fiber bundle

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fiber bundle

[′fī·bər ‚bən·dəl]
(mathematics)
A bundle whose total space is a G-space X, whose base is the homomorphic image of the orbit space of X, and whose fibers are isomorphic to the orbits of points in the base space under the action of G.
(optics)
A flexible bundle of glass or other transparent fibers, parallel to each other, used in fiber optics to transmit a complete image from one end of the bundle to the other.
McGraw-Hill Dictionary of Scientific & Technical Terms, 6E, Copyright © 2003 by The McGraw-Hill Companies, Inc.

fiber bundle

(1) A set of adjacent optical fibers running in parallel and adhered together. It is used for transmitting light to brighten an area as well as transmitting whole images, but not for digital communications.

(2) A collection of optical fibers.
Copyright © 1981-2019 by The Computer Language Company Inc. All Rights reserved. THIS DEFINITION IS FOR PERSONAL USE ONLY. All other reproduction is strictly prohibited without permission from the publisher.
References in periodicals archive ?
During the subsequent process of being compounded with basalt fibers, as 0D nanoSi[O.sub.2] has high surface energy and similar polarity to basalt fibers, its high affinity with basalt fibers overcomes the aggregating force between adjacent basalt fibers, enabling 0D nanoSi[O.sub.2] to infiltrate into basalt fiber bundles and to adsorb onto basalt fiber surfaces.
It can be seen from Figure 9 that the breakage of the fiber bundles and the crushing of the matrix were both on the surface of and inside the target.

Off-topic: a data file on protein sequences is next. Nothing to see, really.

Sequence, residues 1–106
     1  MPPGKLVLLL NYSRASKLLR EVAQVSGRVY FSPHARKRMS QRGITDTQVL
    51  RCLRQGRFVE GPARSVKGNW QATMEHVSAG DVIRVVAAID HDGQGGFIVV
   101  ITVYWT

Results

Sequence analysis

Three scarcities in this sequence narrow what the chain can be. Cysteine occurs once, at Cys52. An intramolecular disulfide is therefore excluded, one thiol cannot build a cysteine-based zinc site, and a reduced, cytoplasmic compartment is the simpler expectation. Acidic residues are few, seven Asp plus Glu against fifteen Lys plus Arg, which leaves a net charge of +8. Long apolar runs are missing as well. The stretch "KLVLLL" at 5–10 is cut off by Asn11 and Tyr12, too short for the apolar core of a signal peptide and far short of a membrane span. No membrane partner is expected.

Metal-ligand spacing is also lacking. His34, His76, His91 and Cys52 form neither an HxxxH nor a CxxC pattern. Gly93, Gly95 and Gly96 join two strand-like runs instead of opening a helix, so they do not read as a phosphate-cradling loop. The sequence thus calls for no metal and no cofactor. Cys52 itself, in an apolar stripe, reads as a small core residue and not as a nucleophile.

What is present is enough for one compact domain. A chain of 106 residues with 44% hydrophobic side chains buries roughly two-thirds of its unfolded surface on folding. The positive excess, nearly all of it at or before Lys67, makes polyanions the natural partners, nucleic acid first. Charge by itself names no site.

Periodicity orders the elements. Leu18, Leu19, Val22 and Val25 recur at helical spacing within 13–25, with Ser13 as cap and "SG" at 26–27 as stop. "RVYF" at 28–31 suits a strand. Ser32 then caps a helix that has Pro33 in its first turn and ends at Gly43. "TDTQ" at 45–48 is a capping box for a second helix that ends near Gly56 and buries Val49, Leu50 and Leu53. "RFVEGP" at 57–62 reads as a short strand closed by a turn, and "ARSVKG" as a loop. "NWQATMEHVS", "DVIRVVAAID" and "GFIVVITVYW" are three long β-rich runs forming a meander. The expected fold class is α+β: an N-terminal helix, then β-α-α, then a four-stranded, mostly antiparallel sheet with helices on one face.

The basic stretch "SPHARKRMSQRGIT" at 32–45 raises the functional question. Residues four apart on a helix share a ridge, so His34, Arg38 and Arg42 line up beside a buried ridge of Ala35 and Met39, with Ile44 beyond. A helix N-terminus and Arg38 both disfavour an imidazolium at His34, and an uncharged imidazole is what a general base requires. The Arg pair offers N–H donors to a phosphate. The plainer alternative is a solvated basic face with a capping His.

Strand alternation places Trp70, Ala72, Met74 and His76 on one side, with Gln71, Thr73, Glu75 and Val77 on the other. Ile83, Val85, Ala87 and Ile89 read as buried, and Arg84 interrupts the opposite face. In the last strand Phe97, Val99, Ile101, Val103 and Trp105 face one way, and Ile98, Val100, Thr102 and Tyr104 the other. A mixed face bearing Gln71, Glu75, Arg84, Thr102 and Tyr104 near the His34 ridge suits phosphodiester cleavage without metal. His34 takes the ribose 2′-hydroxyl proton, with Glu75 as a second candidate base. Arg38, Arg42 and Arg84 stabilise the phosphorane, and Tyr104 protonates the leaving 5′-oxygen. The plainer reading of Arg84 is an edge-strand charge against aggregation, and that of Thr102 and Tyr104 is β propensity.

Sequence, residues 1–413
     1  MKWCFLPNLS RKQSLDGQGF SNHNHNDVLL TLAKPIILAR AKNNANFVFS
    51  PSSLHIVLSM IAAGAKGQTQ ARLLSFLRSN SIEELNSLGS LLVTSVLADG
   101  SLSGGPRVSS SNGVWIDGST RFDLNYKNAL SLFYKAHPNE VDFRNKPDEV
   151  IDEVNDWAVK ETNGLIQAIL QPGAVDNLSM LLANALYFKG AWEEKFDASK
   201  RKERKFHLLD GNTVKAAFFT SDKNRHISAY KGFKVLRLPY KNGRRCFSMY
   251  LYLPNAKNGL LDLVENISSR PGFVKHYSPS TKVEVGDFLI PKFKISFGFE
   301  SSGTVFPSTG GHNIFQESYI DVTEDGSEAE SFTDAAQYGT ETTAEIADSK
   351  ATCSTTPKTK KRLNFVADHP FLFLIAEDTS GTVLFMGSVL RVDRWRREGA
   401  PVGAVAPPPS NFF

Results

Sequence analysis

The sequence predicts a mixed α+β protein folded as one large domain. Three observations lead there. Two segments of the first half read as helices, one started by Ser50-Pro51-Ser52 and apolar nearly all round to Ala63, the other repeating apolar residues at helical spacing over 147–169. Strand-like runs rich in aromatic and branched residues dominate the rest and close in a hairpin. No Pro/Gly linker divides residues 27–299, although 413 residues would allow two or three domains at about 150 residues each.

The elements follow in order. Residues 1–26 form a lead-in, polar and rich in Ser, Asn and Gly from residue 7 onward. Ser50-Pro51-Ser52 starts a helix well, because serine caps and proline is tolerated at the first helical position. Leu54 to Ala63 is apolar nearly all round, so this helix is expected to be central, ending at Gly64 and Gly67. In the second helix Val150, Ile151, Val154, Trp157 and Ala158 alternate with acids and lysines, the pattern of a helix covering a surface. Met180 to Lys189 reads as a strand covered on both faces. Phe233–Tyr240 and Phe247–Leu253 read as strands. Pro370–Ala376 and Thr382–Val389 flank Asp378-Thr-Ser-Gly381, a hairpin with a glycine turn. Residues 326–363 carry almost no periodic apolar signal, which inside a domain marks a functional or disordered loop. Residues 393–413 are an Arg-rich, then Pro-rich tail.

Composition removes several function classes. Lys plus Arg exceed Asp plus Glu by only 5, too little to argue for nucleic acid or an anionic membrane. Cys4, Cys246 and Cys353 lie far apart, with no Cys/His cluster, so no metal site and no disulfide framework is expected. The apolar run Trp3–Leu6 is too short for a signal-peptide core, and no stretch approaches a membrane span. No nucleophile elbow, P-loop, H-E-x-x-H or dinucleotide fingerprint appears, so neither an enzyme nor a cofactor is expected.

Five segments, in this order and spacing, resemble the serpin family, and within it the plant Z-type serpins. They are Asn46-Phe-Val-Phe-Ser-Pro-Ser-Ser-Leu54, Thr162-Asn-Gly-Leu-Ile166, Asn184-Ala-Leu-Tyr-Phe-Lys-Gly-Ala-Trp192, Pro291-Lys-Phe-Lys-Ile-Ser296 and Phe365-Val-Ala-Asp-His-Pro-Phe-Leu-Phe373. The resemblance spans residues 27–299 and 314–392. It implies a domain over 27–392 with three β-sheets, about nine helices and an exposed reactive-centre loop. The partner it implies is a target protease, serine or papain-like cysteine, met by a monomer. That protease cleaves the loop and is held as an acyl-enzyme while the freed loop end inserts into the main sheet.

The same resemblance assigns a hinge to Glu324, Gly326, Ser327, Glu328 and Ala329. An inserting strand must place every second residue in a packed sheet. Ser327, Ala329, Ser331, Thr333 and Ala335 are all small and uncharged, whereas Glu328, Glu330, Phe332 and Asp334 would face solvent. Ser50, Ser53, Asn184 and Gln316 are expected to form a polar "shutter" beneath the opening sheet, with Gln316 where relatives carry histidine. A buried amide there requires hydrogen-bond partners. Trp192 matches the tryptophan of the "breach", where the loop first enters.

In this case, the lap shear was mostly affected by the mortar filling in the volume between the fiber bundles. While, in the case of the pullout force, the penetration depth in between the single fibers appeared to be the most influential factor.
The fiber bundles were stored as .mat file in Matlab 2014b.
Consider a fiber bundle F [right arrow] M [arrow.p] B where F, M, B are closed manifolds and f:M[right arrow]Ma fiber-preserving map over B.
All measured traits showed obvious DIF and varietal differences except the length of fiber bundle (LFB) and the inter-fiber bundle distance (IFBD).
Type-2 fiber bundles have a larger radius and lower mitochondrial density than Type-1 fiber bundles.
This is because lumen inside the fiber bundle increases the amount of fiber, which results in high absorption coefficient.
The unevenness directly influences the degree of alignment of fibers at micro level in the fiber bundles of yarn.
The flexible fiber bundle (Fujikura FIGH-15-600N) has 15,000 pixels with a working distance of 5 mm.